The Single Euro Payments Area (SEPA), launched in 2008, was introduced to harmonise cashless transactions across Europe, with a single system for both domestic and international payment transfers. However, this has not put an end to IBAN discrimination which, although deemed illegal, is still a common occurrence obstructing transactions from non-local bank accounts.
According to Simas Simanauskas, Partnerships Director at ConnectPay, cases of IBAN discrimination undermine the initiative’s aim to facilitate transactions as well as severely complicate payments for consumers and businesses alike.
In layman’s terms, IBAN discrimination occurs whenever an entity, part of the SEPA scheme, rejects a payment from a non-local bank account, even though it resides in a member country. For instance, a France-based business, which has a French bank account, being unable to accept payment because the client’s account is based in Germany.
According to Simanauskas, multiple underlying reasons may be at fault. Firstly, the legacy infrastructure; businesses are simply not incentivized to make costly infrastructure updates to accommodate foreign transactions.
“Utility companies, telecom and other large service providers have been operating way before member-states adopted the SEPA standard. Back then, their customers were local and fintech was hardly a phenomenon,” he comments. “Fast-forward 10 years and most of the people still have accounts at brick-and-mortar. Hence, the reluctance by some to re-design their all-encompassing systems and start accepting payments from other European countries.”
Individuals from EU countries, associated with higher anti-money laundering (AML) risks, may also encounter more problems when using their IBANs.
“This might be related to internal automated risk-management processes that assess individuals’ or companies’ AML risk based on a combination of factors, including the origin of an IBAN,” he notes. “That said, this should be addressed by introducing more thorough screening procedures – not declining all payments.”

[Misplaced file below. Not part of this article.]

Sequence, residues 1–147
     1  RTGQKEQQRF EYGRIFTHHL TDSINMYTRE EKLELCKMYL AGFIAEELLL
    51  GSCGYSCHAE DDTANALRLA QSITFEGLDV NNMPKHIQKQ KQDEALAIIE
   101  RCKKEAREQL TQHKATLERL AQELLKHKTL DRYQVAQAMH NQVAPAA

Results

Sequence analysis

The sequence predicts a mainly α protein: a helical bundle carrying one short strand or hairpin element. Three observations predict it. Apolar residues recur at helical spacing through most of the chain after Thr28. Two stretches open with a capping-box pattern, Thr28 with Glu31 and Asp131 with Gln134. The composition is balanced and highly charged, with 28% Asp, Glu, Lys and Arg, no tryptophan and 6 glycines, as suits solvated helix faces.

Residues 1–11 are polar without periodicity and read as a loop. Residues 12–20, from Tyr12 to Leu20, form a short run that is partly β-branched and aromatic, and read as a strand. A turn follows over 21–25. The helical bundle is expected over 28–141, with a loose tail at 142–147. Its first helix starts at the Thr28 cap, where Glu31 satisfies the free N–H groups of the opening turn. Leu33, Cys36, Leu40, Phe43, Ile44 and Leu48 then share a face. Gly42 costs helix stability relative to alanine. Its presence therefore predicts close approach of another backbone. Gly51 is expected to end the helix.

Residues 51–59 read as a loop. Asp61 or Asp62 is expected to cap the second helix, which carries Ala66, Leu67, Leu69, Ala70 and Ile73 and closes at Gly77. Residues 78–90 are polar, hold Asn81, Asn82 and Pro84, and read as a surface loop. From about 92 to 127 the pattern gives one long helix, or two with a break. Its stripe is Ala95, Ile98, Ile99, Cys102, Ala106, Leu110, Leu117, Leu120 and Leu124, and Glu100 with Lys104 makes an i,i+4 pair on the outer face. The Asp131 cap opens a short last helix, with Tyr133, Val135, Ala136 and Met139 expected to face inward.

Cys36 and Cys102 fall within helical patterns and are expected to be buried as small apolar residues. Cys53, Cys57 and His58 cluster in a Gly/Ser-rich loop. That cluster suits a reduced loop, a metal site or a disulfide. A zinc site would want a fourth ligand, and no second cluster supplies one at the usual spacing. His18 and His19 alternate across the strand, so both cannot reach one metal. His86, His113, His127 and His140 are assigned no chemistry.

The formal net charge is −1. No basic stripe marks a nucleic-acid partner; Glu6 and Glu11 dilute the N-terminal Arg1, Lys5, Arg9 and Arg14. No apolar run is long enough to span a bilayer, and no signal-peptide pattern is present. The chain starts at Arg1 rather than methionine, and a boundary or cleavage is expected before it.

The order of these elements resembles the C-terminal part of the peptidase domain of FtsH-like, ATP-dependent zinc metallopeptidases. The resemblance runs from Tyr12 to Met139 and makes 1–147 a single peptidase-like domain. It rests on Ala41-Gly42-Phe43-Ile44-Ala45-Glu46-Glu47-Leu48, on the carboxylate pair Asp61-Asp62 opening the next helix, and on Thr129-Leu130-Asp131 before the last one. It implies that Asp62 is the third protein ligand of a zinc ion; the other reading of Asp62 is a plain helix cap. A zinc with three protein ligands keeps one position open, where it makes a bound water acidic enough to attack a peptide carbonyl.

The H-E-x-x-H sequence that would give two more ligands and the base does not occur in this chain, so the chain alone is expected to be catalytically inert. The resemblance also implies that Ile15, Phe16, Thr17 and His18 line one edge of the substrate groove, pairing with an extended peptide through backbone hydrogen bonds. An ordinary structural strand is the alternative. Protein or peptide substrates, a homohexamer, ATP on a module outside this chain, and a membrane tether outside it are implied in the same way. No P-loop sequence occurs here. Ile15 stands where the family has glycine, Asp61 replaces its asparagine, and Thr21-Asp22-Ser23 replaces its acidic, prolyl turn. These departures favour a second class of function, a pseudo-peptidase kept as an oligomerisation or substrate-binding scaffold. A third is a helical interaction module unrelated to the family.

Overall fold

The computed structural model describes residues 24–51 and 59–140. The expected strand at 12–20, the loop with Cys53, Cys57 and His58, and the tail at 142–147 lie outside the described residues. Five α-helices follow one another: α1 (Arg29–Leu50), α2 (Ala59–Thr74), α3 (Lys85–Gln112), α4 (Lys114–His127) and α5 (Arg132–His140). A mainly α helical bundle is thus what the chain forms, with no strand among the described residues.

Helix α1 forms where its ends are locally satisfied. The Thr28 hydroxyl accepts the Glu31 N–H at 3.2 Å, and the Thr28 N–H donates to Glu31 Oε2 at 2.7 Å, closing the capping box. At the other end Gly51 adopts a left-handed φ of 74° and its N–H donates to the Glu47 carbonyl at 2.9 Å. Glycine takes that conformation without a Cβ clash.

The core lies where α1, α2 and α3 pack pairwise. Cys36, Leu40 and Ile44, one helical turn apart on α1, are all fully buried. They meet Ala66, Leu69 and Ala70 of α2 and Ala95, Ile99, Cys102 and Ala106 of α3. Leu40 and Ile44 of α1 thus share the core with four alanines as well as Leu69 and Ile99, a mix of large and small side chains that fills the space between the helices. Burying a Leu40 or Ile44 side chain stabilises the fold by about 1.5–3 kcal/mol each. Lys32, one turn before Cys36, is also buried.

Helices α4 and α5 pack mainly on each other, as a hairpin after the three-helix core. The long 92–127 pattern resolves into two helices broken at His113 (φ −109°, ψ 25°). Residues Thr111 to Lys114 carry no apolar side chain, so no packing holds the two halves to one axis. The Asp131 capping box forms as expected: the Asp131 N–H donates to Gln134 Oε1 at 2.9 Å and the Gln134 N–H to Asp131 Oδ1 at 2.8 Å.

The illegal practice of IBAN discrimination has resulted in increased friction in the market, most of which is felt by the consumers, who have become limited in their options and may have to find alternative payment methods. This undermines one of the main EU principles as well—the free movement of goods and services—as citizens cannot reap its benefits. This led market’s leading Fintechs, including ConnectPay, to create a joint initiative titled “Accept my IBAN”, whose purpose is to streamline reporting regarding discrimination cases.
“There are authorities and regulations in place to restrict these illegal practices, yet a big problem is that we do not know the full extent of it—numbers, frequency, and location,” Simanauskas explains, emphasising Fintech’s role as a watchdog for the EU market.
“As Fintechs, we are in a strategically good position to address the issue, as the inherent nature of our business allows us to remain flexible and collect, process, and respond quicker to cases of discrimination than, for example, governmental authorities, which are limited by complicated frameworks that slow down the response to such claims. Therefore, users that have had their payment rejected due to non-local IBAN are encouraged to report it,” Simanauskas concludes.
Since the introduction of acceptmyiban.org in mid-March last year, more than 1000 reports have been received. As such joint efforts continue to ensure that cases do not slip by authorities, IBAN discrimination may slow down in the future but will require a monolithic approach from both government bodies and private entities.